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In this course, author Adam Wilbert illustrates how to create and leverage real-world queries and turn raw data into usable information. The course covers setting up queries, performing calculations, using the built-in Access functions to further refine query results, and identifying top performers or areas for improvement based on a range of criteria.
The Union query is a special type of query within Access and it's used to combine two different data tables with the same structure. Let's open up our Chapter 8 custom group and we'll open up our Employees table. This table houses all the information about our in-company employees. We can see that we have 200 employees represented in this table. The FieldReps table has information about our contracted field representatives. If I open up that, you'll see that it has an identical structure to the Employees table.
We have a total of 100 field representatives. We can use a Union query to take the 100 field reps and the 200 employees and merge them together in a single query record set. Let's go ahead and close both of these tables and we'll see how that's done. I'll go into the Create tab and I'll create a new query in Design view. I'll go ahead and select my Employees table and say Close. Now I want to select all of my employees from this table and I can use this shortcut by double-clicking on the asterisk to choose all of these fields.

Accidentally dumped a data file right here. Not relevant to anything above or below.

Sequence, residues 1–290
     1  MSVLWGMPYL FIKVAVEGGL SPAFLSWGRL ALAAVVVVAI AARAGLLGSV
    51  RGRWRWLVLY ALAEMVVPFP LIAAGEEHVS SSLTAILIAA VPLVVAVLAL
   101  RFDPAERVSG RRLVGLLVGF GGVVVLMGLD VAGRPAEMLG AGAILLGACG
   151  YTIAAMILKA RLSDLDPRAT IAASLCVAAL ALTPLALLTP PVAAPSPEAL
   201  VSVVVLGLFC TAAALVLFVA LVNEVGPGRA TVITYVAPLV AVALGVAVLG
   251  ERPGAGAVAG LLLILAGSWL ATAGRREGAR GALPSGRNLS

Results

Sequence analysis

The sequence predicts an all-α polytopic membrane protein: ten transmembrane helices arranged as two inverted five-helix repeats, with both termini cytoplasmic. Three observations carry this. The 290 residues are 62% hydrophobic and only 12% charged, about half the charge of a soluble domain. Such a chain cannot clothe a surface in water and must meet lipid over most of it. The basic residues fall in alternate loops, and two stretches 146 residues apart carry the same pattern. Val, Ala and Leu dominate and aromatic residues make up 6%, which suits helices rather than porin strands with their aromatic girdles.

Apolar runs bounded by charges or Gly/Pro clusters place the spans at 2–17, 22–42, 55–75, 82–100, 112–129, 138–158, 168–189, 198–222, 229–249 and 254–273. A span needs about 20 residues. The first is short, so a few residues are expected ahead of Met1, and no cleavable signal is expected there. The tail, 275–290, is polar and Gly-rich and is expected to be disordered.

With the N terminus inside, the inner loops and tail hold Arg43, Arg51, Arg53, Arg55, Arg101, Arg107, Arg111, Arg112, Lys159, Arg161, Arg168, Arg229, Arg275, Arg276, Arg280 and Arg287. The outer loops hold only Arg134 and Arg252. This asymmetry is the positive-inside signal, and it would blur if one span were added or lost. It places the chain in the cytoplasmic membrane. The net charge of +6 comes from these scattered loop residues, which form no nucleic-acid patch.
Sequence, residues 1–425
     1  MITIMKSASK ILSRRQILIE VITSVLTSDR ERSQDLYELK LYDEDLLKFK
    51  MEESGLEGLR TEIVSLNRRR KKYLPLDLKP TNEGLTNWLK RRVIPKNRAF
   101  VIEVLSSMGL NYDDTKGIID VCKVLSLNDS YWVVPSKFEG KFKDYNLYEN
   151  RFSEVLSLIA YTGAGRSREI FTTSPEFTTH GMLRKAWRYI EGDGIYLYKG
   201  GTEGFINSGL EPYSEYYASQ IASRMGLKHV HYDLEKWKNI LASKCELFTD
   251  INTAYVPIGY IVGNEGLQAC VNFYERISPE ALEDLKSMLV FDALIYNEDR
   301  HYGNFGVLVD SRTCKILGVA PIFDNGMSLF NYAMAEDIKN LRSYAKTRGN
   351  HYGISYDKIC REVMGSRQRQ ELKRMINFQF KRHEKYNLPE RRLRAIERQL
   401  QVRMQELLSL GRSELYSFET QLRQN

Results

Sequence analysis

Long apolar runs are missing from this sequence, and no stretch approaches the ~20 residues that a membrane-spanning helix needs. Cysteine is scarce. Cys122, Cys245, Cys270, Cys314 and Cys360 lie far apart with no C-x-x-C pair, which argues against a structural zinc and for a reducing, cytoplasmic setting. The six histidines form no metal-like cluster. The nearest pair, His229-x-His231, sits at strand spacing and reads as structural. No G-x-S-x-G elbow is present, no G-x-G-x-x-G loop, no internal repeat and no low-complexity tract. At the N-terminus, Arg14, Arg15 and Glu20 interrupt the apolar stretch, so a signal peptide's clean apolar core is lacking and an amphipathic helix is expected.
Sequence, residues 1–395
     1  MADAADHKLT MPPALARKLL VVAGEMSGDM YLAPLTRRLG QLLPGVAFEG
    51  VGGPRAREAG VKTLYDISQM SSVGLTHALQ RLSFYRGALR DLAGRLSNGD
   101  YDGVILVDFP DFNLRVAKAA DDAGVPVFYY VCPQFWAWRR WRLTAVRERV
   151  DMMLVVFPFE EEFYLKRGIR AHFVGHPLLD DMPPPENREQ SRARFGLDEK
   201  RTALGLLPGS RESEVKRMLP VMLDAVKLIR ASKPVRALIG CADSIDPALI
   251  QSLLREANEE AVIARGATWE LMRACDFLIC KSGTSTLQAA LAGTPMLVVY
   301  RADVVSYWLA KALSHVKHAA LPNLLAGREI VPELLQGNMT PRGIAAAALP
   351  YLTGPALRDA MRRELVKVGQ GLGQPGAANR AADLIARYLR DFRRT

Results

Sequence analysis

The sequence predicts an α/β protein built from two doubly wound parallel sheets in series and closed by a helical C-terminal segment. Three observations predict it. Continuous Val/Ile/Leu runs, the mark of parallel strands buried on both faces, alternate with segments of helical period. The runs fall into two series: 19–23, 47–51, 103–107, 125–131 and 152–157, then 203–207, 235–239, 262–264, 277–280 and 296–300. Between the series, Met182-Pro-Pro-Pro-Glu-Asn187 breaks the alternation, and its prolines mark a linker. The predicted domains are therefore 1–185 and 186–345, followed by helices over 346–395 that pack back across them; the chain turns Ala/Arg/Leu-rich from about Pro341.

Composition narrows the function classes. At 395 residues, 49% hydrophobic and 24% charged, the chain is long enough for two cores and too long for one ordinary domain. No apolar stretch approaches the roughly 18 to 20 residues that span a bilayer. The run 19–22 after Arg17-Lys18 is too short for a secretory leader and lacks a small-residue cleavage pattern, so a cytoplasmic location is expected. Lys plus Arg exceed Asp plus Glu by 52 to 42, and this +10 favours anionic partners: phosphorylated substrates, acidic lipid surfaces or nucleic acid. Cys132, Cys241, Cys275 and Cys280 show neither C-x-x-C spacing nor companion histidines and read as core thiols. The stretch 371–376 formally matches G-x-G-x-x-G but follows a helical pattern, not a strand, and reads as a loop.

Now the Union query is only created in SQL View. You can't make the Union query using the Design View in Access. So what we can do is switch to SQL view and finish our statements there. This is the SELECT statement that Access uses to select all of the fields from the Employees table. We can use this as a guide to help us type out how to select all of the records from the FieldReps table, and we'll join both of those using a Union statement. So at the end of this-- I'll jump down two lines so it's easy to read-- I'll write the word Union.
I'll move down another two lines and I'll type in this SQL statement to select everything from the FieldReps table. We can look to the Employees table above to help us with the syntax. So let's write out the statement. First we'll start with SELECT, and then we want to tell Access what it is that we want to select. We want to select the table FieldReps. tbl_FieldReps. And we want to select all of the fields in the FieldReps table, so we'll out in a period and then an asterisk. Finally, we have to tell Access from what table we want to select from and it does seem a little bit redundant, but this is the syntax that we're going to be using.
FROM tbl_FieldReps. Finally, we'll add a semicolon to finish our statement. So now we've got a statement that takes all of the employees information and adds that to all of the field reps information. When I run this query, you'll see we have a total of 300 records and I'll scroll to the right. We'll see we have our employees listed on the top. And if we scroll down, we'll see that those are joined or unioned with the field sales reps.
Now we have a single query result that has all of our associated employees, whether they're internal within the company or whether they're contracted employees. Now that we have both tables merged together and functioning as one, we can save this query out and use it as the input to other queries down the road. There's no reason why we would need to physically merge the data from both tables at all. We can use a Union query to join both tables in a record set without having to duplicate that information in a new table within our database.
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